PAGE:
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Risk factors for mortality in patients admitted to intensive care units with pneumonia.

Li G, Cook DJ, Thabane L, Friedrich JO, Crozier TM, Muscedere J, Granton J, Mehta S, Reynolds SC, Lopes RD, Francois L, Freitag AP, Levine MA, PROTECT Investigators for the Canadian Critical Care Trials Group, and the Australian and New Zealand Intensive Care Society Clinical Trials Gro - Respir. Res. (2016)

Bottom Line: During follow-up, 111 patients (16.6 %) died in ICU and in total, 149 (22.3 %) died in hospital.Multivariable analysis demonstrated significant independent risk factors for hospital mortality including male sex (hazard ratio (HR) = 1.5, 95 % confidence interval (CI): 1.1 - 2.2, p-value = 0.021), higher APACHE II score (HR = 1.2, 95 % CI: 1.1 - 1.4, p-value < 0.001 for per-5 point increase), chronic heart failure (HR = 2.9, 95 % CI: 1.6 - 5.4, p-value = 0.001), and dialysis (time-dependent effect: HR = 2.7, 95 % CI: 1.3 - 5.7, p-value = 0.008).Higher APACHE II score (HR = 1.2, 95 % CI: 1.1 - 1.4, p-value = 0.002 for per-5 point increase) and chronic heart failure (HR = 2.6, 95 % CI: 1.3 - 5.0, p-value = 0.004) were significantly related to risk of death in the ICU.

View Article: PubMed Central - PubMed

Affiliation: Department of Clinical Epidemiology & Biostatistics, McMaster University, 501-25 Charlton Avenue East, Hamilton, ON, L8N 1Y2, Canada. lig28@mcmaster.ca.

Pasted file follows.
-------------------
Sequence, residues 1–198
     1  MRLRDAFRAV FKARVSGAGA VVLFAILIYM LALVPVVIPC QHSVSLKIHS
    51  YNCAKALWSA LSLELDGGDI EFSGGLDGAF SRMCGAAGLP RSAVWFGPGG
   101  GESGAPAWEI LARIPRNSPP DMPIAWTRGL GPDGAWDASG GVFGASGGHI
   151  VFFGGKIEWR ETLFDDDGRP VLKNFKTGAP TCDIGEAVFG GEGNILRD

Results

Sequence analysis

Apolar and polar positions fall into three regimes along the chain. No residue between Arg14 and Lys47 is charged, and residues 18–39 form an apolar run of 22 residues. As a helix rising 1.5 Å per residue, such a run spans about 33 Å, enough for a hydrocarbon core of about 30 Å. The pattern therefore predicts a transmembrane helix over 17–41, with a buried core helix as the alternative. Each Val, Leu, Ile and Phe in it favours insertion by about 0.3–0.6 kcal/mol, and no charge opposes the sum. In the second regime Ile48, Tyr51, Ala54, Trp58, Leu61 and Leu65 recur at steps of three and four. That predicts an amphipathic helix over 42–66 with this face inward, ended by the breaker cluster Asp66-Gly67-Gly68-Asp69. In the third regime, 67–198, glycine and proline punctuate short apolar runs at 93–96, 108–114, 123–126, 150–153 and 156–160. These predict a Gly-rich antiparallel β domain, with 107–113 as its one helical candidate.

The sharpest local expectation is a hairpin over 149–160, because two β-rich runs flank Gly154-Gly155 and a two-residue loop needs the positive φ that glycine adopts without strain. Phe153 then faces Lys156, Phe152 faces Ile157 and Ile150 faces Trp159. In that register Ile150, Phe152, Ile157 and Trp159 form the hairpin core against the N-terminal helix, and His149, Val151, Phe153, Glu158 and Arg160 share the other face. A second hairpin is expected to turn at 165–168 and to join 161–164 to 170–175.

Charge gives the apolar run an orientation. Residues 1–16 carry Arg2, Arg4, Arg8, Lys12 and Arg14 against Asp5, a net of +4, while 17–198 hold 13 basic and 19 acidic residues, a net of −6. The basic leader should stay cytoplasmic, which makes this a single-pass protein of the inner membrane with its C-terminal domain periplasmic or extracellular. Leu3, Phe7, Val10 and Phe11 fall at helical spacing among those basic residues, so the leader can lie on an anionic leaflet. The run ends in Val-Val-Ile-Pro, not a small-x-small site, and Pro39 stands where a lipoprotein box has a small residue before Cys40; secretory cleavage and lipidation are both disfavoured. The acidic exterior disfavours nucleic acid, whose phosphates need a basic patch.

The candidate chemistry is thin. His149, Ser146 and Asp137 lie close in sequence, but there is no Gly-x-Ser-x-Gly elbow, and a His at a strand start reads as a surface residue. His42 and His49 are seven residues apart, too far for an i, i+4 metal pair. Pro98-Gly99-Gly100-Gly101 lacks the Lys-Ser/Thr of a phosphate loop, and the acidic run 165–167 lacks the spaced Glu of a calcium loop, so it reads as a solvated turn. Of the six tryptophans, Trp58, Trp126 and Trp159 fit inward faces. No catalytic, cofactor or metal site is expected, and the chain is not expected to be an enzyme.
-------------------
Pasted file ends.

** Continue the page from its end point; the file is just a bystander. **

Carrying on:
ABSTRACT

Background: Despite the high mortality in patients with pneumonia admitted to an ICU, data on risk factors for death remain limited.

Methods: In this secondary analysis of PROTECT (Prophylaxis for Thromboembolism in Critical Care Trial), we focused on the patients admitted to ICU with a primary diagnosis of pneumonia. The primary outcome for this study was 90-day hospital mortality and the secondary outcome was 90-day ICU mortality. Cox regression model was conducted to examine the relationship between baseline and time-dependent variables and hospital and ICU mortality.

Results: Six hundred sixty seven patients admitted with pneumonia (43.8 % females) were included in our analysis, with a mean age of 60.7 years and mean APACHE II score of 21.3. During follow-up, 111 patients (16.6 %) died in ICU and in total, 149 (22.3 %) died in hospital. Multivariable analysis demonstrated significant independent risk factors for hospital mortality including male sex (hazard ratio (HR) = 1.5, 95 % confidence interval (CI): 1.1 - 2.2, p-value = 0.021), higher APACHE II score (HR = 1.2, 95 % CI: 1.1 - 1.4, p-value < 0.001 for per-5 point increase), chronic heart failure (HR = 2.9, 95 % CI: 1.6 - 5.4, p-value = 0.001), and dialysis (time-dependent effect: HR = 2.7, 95 % CI: 1.3 - 5.7, p-value = 0.008). Higher APACHE II score (HR = 1.2, 95 % CI: 1.1 - 1.4, p-value = 0.002 for per-5 point increase) and chronic heart failure (HR = 2.6, 95 % CI: 1.3 - 5.0, p-value = 0.004) were significantly related to risk of death in the ICU.